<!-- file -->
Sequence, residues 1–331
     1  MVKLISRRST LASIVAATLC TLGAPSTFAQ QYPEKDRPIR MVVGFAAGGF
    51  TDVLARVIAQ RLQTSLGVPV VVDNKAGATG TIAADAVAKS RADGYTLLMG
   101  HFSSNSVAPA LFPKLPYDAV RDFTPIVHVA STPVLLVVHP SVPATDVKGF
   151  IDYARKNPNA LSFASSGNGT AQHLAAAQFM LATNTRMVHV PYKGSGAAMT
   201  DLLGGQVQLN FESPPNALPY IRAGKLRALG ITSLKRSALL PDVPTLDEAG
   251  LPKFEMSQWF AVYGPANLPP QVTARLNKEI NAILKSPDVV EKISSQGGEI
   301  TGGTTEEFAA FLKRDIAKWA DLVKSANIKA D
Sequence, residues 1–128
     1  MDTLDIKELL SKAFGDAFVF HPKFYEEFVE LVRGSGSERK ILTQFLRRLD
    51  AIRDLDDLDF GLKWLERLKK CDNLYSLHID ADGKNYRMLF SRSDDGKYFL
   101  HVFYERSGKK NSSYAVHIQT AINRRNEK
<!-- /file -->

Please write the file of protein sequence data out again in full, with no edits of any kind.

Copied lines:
Sequence, residues 1–331
     1  MVKLISRRST LASIVAATLC TLGAPSTFAQ QYPEKDRPIR MVVGFAAGGF
    51  TDVLARVIAQ RLQTSLGVPV VVDNKAGATG TIAADAVAKS RADGYTLLMG
   101  HFSSNSVAPA LFPKLPYDAV RDFTPIVHVA STPVLLVVHP SVPATDVKGF
   151  IDYARKNPNA LSFASSGNGT AQHLAAAQFM LATNTRMVHV PYKGSGAAMT
   201  DLLGGQVQLN FESPPNALPY IRAGKLRALG ITSLKRSALL PDVPTLDEAG
   251  LPKFEMSQWF AVYGPANLPP QVTARLNKEI NAILKSPDVV EKISSQGGEI
   301  TGGTTEEFAA FLKRDIAKWA DLVKSANIKA D
Sequence, residues 1–128
     1  MDTLDIKELL SKAFGDAFVF HPKFYEEFVE LVRGSGSERK ILTQFLRRLD
    51  AIRDLDDLDF GLKWLERLKK CDNLYSLHID ADGKNYRMLF SRSDDGKYFL
   101  HVFYERSGKK NSSYAVHIQT AINRRNEK